The following is from the Vote Mama Foundation, ” the leading source of research and analysis about the political participation of moms in the United States. Note that former Del. Debra Rodman (D) is the Virginia state chair for Vote Mama and quoted in the report as follows: “Campaigning, working full time at work and at home is almost impossible. It is unsustainable. If we want a diversity of candidates, if we want equity in campaigns, we need to make childcare part of the process.”
VOTE MAMA FOUNDATION LAUNCHES NATIONWIDE EFFORT FOR CAMPAIGN FUNDS FOR CHILDCARE WITH FOCUS ON VIRGINIA
The adoption in VA & across 50 states will diversify local legislatures & advance essential infrastructure including universal childcare
NEW YORK — Vote Mama Foundation, a nonprofit working toward gender equity by breaking down the structural and cultural barriers mothers face while running for office, has launched an aggressive campaign to enact the use of Campaign Funds for Childcare for state and local elections in all 50 states before 2023, with an early focus on Virginia. Legislation of this kind would remove a significant obstacle that many mothers face when running for office and help ensure that our representatives share the voices and priorities of the people they serve. This shift in the makeup of our democracy is essential to galvanizing support for family-friendly policies, including a linchpin issue in economic stability and the key priority of the Vote Mama Foundation: universal childcare.
Last month, the Virginia Senate killed H.B. 1952, a campaign finance reform bill that would ban the use of campaign contributions for personal use — except for childcare. Vote Mama Foundation is now advocating for an opinion by Attorney General Mark Herring regarding Campaign Funds for Childcare and a reintroduction of a standalone bill next session.
“Whether you’re running for local office or working in retail, all parents deserve access to universal childcare,” said Liuba Grechen Shirley, Founder and CEO of Vote Mama Foundation. “However, our political leaders — often wealthy, white, and male — have failed to champion policies that benefit all our families, including universal childcare, a living wage and paid family leave. Today, women and especially women of color are bearing the brunt of this negligence. Enough is enough. Imagine if not one potential candidate at any level of our government had to consider the cost of childcare in weighing their decision to run for office. We are working to break down the institutional barriers to empower a diverse pipeline of working mothers to run for office and win. By making Campaign Funds for Childcare a priority, we have the opportunity to transform the political landscape.”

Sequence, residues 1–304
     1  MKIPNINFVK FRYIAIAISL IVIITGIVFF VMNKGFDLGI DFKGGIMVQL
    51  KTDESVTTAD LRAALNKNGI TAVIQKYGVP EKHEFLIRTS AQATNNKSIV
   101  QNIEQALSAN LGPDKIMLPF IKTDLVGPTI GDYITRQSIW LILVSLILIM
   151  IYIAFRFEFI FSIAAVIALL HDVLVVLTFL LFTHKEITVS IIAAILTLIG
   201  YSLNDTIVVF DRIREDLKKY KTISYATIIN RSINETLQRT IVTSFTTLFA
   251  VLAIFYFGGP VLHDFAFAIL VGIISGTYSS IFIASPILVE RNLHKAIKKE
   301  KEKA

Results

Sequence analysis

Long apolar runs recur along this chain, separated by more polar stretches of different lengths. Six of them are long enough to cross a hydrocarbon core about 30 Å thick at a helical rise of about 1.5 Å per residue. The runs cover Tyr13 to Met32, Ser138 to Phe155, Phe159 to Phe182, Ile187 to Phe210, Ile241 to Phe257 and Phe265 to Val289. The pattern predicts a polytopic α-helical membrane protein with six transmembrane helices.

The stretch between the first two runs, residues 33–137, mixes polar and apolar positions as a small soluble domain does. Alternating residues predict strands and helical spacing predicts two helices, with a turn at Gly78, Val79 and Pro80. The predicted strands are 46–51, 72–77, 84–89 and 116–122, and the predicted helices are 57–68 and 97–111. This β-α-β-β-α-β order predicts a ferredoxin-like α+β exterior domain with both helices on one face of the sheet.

This announcement coincides with the release of Vote Mama Foundation’s new report — Campaign Funds for Childcare: Breaking Barriers for Moms to Run for Office — which presents first-of-its-kind research examining the use of Campaign Funds for Childcare by working parents who have run for office across the country, and provides a case-study of potential impact of similar legislation across all 50 states. It demonstrates:
- How access to childcare is often an impediment to parents running for office.
- Essential legislation parents have passed once they have used Campaign Funds for Childcare to run and win.
- How passing Campaign Funds for Childcare legislation in all 50 states will build a diverse pipeline of working parents who draw upon their lived experience when legislating.